‘Upside Down’ Car Deals Turn Finances Inside Out
To this day, I’m amazed at how my grandmother, who didn’t earn much, could manage to pay off her auto loans early – sometimes in half the usual four-year term.
In fact, my grandmother once paid off a loan so early that the lender called and accused her of falling behind on her payments.
Given her philosophy about buying and paying for a car, she would be astounded (as I am) at the number of car owners increasingly extending their auto loans out five, six and in some cases as much as eight years.
The average car loan today is 63 months, compared with 48 months just five years ago, according to AAA. Longer car loans also have led to another trend – a significant increase over the past three years in the percentage of new-car buyers “upside down” on their trades, meaning the loan balance is higher than the value of the car.
In 2001, 25 percent of trades were upside down, according to retail transaction data from the Power Information Network, an affiliate of J.D. Power and Associates, a marketing research firm. Now, 38 percent of car buyers owe more on their trade than the vehicle is worth.
Edmunds.com, an online resource for automotive information, found a similar trend with only slightly different percentages. The company began looking at this trend of longer auto loans and negative auto equity in January 2002. The findings are disturbing.
Edmunds’ most recent data through March of this year showed car buyers had an average loan term of 61.5 months, and the average amount financed was $23,363.
Get ready to gasp (I did). Almost 28 percent of new car owners owed at least $3,708 on their previous loans. That means these people either rolled $3,708 into the $23,363 financed, used a rebate for their new car to make up the difference or came up with the extra cash to pay off the old loan.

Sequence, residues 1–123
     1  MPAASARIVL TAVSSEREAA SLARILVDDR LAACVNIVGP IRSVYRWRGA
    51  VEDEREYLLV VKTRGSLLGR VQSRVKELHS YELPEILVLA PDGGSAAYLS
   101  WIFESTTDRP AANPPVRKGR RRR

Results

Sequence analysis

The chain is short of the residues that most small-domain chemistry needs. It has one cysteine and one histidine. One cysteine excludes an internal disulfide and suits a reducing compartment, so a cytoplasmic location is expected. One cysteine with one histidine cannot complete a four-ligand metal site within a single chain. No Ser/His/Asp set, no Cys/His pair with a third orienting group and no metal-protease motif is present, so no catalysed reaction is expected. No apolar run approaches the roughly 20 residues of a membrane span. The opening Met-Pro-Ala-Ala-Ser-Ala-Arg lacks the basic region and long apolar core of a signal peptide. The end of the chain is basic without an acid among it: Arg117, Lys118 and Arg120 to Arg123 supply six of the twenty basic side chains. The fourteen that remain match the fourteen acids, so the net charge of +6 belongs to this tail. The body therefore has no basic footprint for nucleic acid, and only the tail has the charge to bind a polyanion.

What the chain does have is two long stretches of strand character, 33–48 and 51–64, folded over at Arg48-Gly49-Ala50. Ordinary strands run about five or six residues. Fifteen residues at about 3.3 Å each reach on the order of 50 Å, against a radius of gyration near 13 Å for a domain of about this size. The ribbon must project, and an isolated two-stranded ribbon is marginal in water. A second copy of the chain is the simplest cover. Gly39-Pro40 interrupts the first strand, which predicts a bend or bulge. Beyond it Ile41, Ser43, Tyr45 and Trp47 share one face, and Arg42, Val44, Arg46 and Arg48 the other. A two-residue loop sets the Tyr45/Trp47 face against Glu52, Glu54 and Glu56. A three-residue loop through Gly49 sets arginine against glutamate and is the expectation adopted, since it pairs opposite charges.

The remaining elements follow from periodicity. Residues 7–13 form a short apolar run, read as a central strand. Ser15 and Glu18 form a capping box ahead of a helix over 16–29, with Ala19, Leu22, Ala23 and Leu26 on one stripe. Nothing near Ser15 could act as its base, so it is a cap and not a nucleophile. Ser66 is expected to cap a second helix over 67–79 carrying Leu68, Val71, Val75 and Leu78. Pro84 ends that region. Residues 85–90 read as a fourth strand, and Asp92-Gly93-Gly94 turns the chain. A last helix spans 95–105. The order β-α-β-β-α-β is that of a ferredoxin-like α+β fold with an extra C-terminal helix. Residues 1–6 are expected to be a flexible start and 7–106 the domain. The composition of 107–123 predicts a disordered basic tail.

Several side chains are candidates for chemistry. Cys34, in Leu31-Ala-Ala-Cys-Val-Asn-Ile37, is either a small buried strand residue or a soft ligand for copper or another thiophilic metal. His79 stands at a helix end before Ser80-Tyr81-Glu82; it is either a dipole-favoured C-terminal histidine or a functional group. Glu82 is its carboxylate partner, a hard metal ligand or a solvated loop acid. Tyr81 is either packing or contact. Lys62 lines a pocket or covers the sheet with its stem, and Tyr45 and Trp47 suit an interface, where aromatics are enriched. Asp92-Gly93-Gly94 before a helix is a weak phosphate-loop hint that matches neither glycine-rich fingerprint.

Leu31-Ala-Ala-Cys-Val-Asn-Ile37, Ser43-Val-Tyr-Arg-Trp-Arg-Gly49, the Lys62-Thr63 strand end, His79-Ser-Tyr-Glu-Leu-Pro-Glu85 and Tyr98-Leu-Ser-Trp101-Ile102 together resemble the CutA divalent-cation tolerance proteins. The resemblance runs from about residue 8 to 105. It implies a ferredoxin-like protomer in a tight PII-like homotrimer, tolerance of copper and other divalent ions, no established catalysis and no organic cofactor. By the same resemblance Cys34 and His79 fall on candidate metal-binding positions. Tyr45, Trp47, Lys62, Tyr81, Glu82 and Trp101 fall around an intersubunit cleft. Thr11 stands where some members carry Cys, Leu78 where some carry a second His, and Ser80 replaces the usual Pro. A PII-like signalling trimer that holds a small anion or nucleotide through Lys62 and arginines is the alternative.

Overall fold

“This certainly is not a good thing for consumers,” said Jesse Toprak, director of pricing and market analysis for Edmunds.com.
The word crazy comes to my mind. So why are people finding themselves upside down? Here are two reasons.
First, people are buying more car than they can afford, so they often need to stretch the payments out further.
Second, far too many consumers walk into a dealership with one thing on their minds.
“People are shopping for a monthly payment and not looking at the total cost of owning the car,” Toprak said. “It’s the worst way to shop for a car.”
I always find it helpful to look at the math, so I asked Toprak to run some financing scenarios for me.
For example, take someone buying a 2004 Ford Taurus SE four-door sedan. After a $3,000 rebate, Toprak estimated a $17,334 loan at 7.5 percent for 72 months.
In two years, the loan balance would be $12,395, but the car would be worth only $7,117, according to Edmunds.com’s calculations.
That means if the car was traded in after two years, you will be upside down by $5,278. Wait another year and the car will be worth $5,694, and you’ll still be upside down by nearly $4,000.
Well, you say, what if I bought a top-selling car that is known to hold its residual value?
OK, let’s look at a 2004 Toyota Camry LE four-door sedan. In this case, the amount financed is $19,810. In year two of the loan, your car might be worth $11,726, Toprak estimated.
However, the loan balance would be $14,166, making you upside down by $2,440. It’s not as bad as the Taurus, but you still won’t have any equity because of the length of the loan.
Keep in mind with a longer-term loan, the value of the car declines faster than the loan balance.
And let’s not forget that the longer the loan, the more interest you pay. Suppose your auto loan is $24,000. What a difference a year could make.
A 60-month loan at 6.5 percent would cost you $470 a month and $4,175 in total interest payments. Now stretch the loan out another year to 72 months and your interest rate could go up to 7.5 percent (longer loan, higher interest rate), Toprak says.
True, your monthly payment drops to $415, but the total interest on the 72-month loan would come to $5,877. I would think you might want to ask yourself if the car was worth another $1,700.
“This is not like buying a house, which has the potential to appreciate over time,”said Charlie Vogelheim, executive editor of the Kelley Blue Book. “People either need to show some control in what they are buying or keep what they have a little longer.”
By Michelle Singletary